You Need a Mentor

on May 16, 2016

Even if you’re not shy, sometimes it feels a little awkward to build a relationship with an adult who isn’t a relative. But finding a mentor during high school is one of the best things you can do for yourself. Here are a few quick tips if you need help finding someone you can turn to for advice about school, family, careers – anything!

Who Can My Mentor Be?


Anyone! If there’s a teacher, coach, guidance counselor, religious leader or club organizer you really admire, you can try to build a mentor-mentee relationship with them. Your mentor can even be an upperclassman or a college student – it’s all about finding someone you feel comfortable with and think you can learn from.

What’s My Mentor Supposed to Teach Me?


Your mentor isn’t there to help you memorize algebraic formulas or battle dates (though they could, if you asked them to). The person you choose acts as a sort of role model for you, giving advice when you need it, setting a good example, and helping you grow as a person. It doesn’t sound too flashy, but it’s true – your mentor will help you in ways you may not notice right away, but over time, you’ll realize what a huge role they played in making you a mature, confident, successful adult.

In the short term, your mentor is someone you can go to if you’re having academic or personal problems, someone who can suggest colleges or classes, and someone who can help with the college application process. Your mentor could even tell you about scholarships you've never heard of or write you a college recommendation letter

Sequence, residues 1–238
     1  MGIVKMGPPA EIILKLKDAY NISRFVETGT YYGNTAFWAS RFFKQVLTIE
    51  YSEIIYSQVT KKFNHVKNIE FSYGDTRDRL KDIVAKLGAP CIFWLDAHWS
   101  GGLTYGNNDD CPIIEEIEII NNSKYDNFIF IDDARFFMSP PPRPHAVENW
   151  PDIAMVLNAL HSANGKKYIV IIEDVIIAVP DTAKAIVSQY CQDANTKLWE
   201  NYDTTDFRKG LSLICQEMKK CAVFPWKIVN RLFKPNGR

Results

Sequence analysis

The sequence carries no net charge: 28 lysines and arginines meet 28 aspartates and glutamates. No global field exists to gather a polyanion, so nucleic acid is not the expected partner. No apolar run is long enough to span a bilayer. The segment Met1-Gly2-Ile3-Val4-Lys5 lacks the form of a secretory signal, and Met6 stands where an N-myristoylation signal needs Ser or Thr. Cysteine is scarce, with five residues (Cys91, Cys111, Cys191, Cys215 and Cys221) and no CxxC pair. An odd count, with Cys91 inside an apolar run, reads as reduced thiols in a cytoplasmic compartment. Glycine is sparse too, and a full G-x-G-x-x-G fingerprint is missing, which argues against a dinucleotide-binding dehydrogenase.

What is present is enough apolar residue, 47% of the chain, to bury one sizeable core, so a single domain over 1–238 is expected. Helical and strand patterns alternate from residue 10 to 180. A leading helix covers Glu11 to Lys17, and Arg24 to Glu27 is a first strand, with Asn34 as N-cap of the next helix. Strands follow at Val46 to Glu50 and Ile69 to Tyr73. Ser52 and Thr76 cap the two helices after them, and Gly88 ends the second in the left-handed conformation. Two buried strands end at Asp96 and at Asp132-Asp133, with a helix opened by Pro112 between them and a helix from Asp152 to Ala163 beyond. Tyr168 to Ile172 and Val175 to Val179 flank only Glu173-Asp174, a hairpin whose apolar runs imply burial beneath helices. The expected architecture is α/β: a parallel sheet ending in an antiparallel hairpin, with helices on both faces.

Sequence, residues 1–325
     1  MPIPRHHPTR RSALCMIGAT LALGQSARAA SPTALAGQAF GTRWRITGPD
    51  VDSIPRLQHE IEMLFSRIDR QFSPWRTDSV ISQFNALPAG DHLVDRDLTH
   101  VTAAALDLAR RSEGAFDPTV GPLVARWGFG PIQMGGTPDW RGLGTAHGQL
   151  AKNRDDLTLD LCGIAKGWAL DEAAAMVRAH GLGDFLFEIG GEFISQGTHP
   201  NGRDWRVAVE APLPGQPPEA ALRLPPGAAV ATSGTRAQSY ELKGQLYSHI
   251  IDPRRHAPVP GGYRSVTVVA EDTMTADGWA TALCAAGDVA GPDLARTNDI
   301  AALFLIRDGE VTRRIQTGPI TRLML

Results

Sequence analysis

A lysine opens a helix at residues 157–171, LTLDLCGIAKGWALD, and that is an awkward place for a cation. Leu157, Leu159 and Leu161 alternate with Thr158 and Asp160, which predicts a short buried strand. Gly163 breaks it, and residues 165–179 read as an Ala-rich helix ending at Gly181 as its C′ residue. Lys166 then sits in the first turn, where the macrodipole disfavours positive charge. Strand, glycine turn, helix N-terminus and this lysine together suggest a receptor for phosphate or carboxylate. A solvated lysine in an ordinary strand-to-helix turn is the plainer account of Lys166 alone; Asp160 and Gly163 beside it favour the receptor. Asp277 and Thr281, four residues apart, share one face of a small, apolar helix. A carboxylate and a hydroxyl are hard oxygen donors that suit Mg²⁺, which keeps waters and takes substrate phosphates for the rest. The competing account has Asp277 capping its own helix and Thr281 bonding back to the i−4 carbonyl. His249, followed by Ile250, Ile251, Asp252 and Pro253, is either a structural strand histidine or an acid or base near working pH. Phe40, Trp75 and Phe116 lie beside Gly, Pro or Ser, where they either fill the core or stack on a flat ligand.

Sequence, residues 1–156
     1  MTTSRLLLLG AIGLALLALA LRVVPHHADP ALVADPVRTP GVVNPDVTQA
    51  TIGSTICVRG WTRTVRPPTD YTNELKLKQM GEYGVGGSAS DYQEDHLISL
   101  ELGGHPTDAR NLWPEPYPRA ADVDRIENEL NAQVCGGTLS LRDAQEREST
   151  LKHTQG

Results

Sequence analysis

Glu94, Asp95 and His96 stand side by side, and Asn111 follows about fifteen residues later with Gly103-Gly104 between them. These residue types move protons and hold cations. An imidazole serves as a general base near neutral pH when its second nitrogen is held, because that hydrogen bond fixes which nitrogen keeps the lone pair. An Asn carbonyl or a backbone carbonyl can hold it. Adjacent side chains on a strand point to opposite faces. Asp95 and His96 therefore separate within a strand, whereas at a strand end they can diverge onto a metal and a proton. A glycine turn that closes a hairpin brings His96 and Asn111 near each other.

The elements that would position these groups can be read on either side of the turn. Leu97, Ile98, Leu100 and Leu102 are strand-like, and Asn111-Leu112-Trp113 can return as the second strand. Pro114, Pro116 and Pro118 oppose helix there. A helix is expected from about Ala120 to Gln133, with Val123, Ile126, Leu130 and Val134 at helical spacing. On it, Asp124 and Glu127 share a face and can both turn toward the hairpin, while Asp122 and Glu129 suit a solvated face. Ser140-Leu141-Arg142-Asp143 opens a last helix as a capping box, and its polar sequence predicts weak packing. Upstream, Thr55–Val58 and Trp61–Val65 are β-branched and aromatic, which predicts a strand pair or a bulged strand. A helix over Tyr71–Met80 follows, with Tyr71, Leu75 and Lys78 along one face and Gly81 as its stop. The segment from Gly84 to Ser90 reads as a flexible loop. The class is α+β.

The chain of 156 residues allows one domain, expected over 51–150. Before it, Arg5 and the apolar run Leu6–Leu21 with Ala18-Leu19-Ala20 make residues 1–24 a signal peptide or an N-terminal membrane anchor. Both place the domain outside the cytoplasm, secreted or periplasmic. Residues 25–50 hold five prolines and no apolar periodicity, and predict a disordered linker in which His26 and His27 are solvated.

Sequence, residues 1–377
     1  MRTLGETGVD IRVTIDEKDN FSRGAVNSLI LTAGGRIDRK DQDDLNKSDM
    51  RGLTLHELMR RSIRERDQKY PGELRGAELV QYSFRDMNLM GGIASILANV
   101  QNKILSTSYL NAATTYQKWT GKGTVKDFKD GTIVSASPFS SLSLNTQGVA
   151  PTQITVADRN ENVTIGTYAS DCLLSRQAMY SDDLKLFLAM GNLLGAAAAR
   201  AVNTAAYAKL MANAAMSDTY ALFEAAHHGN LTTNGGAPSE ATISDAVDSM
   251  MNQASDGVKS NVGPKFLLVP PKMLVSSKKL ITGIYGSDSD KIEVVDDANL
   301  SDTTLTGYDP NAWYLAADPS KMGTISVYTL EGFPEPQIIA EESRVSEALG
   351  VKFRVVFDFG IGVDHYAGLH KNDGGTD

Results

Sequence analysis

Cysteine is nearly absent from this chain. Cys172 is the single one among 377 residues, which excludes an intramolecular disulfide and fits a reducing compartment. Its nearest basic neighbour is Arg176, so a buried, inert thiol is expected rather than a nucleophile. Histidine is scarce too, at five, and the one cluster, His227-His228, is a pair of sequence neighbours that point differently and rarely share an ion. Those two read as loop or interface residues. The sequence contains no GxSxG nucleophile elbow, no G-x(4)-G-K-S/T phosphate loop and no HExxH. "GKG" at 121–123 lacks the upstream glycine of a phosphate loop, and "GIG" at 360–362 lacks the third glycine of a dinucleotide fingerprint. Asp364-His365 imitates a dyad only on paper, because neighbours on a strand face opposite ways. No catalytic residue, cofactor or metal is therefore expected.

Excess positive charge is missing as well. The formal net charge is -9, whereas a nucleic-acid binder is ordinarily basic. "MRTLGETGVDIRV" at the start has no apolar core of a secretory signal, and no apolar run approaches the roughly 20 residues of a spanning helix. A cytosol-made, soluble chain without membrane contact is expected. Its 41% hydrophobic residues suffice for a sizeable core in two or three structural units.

It’s Way too Awkward to Ask Someone to be My Mentor


We agree. Unless you’re pretty fearless, approaching a teacher or coach and asking them to mentor you is intimidating. Luckily, there’s another way to find a mentor without feeling weird about it. Start visiting the person you look up to regularly during their office hours. If they’re an older student, ask if you can get together over coffee or lunch to chat. Make it a habit to have one-on-one conversations with these individuals regularly and you’ll soon easily develop a mentor-mentee relationship.

Make it your goal to find at least one person you can call a mentor this year. There are plenty of interesting, accomplished people in your life, but it’s up to you to get out there and build those relationships.

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